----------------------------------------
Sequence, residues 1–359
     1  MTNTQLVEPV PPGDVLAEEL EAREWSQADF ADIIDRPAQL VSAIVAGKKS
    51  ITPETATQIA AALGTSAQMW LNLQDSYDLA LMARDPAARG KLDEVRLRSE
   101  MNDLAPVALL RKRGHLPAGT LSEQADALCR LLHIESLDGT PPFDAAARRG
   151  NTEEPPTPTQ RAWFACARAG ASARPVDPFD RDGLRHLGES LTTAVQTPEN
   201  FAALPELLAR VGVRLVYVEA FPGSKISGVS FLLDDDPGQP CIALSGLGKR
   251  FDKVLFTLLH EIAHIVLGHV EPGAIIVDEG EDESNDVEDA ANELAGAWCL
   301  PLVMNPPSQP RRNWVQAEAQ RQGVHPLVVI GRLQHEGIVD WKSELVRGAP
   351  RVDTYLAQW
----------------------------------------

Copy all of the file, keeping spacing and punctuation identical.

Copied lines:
Sequence, residues 1–359
     1  MTNTQLVEPV PPGDVLAEEL EAREWSQADF ADIIDRPAQL VSAIVAGKKS
    51  ITPETATQIA AALGTSAQMW LNLQDSYDLA LMARDPAARG KLDEVRLRSE
   101  MNDLAPVALL RKRGHLPAGT LSEQADALCR LLHIESLDGT PPFDAAARRG
   151  NTEEPPTPTQ RAWFACARAG ASARPVDPFD RDGLRHLGES LTTAVQTPEN
   201  FAALPELLAR VGVRLVYVEA FPGSKISGVS FLLDDDPGQP CIALSGLGKR
   251  FDKVLFTLLH EIAHIVLGHV EPGAIIVDEG EDESNDVEDA ANELAGAWCL
   301  PLVMNPPSQP RRNWVQAEAQ RQGVHPLVVI GRLQHEGIVD WKSELVRGAP
   351  RVDTYLAQW